Ashley ArmitageUntitled (2015)

There is a lot of work being made by twenty-something-ish women who draw heavily from their own experiences as women in this our fundamentally sexist culture.

I’m constantly amazed at how varied, creative and interesting the better part of it is. There’s Arvida Byström in general and her infamous VICE editorial There Will Be Blood, in particular; Prue Stent’s jaw dropping and frankly unrivaled surrealist meditations on femininity and visual representation also spring to mind.

With such work, you can’t swing a cat without hitting some codified notion of the work as a manifestation of the female gaze–the female gaze being a reaction/response/rejection of Berger’s art historical ‘male gaze’.

The first time I encountered the term it was in reference to the work of Masha Demianova. I flat out don’t think the term applies to her work in the slightest. It’s also used in reference to Petra Collins–personally, I wouldn’t deploy it in her case either; however, I am much less convinced I could argue away the assertion to the point of refuting it.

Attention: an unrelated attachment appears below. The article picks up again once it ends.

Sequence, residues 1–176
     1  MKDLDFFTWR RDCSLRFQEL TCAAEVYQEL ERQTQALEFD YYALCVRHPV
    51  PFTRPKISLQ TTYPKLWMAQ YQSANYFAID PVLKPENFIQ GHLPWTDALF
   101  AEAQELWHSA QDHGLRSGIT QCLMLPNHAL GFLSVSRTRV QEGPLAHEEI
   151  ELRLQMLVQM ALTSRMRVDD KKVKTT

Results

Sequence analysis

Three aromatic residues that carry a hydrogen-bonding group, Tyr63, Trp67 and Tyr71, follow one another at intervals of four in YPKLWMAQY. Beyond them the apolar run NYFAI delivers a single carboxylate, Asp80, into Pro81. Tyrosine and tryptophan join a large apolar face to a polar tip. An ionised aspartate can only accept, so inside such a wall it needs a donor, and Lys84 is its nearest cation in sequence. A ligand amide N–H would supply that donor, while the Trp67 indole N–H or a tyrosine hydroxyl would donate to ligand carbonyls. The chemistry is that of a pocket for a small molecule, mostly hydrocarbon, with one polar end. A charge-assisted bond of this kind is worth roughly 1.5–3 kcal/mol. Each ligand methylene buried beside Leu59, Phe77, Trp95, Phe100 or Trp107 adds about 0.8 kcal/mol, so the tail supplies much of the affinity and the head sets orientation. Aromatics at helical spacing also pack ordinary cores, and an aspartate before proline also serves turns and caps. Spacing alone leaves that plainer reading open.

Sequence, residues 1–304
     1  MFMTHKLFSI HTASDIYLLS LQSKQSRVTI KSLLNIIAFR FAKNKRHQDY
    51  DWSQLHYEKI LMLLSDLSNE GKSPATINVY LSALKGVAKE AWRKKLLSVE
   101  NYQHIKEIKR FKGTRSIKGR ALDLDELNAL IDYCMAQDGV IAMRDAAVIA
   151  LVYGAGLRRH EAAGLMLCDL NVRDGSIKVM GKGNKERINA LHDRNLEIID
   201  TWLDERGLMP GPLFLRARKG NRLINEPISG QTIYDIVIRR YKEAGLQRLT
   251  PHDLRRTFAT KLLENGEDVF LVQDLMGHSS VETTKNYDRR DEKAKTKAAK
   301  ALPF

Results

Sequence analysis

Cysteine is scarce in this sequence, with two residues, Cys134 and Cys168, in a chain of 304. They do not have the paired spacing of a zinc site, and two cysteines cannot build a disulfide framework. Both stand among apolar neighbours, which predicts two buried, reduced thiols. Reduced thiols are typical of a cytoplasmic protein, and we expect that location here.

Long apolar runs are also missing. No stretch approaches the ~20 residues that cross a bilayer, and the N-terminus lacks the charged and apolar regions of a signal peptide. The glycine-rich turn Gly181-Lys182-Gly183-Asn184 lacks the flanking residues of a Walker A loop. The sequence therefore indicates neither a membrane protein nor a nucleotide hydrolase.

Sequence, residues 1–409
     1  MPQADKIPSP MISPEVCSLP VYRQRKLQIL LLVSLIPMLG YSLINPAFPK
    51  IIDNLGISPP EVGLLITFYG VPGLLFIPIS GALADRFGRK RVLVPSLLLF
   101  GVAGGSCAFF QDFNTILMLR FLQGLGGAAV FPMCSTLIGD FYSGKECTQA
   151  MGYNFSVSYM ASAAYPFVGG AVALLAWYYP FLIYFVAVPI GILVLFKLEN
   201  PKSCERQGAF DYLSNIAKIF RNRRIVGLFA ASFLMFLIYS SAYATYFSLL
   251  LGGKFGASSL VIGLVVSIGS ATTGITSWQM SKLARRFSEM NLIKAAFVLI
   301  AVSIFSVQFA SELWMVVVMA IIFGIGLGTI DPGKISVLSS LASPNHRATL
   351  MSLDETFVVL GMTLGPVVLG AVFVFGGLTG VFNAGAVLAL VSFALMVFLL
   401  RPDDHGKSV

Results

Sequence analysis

For me, if you want to talk about a female gaze, someone like Mercedes Esquivel is where you’ll find it.

That being said: I think there’s a way in which it is befitting Armitage’s work even claiming it as a primary impetus for the work is somewhat pretentious. I think there is a way in which her photos are a sort of exercise in photography as a means of curation–since their the prism of her images pervasive themes and motifs in someone like Collins work are zoomed in upon to a microscopic level and are then subsequently replicated.

I feel as if there is a great deal of overlap with someone like Jeff Wall, for example.

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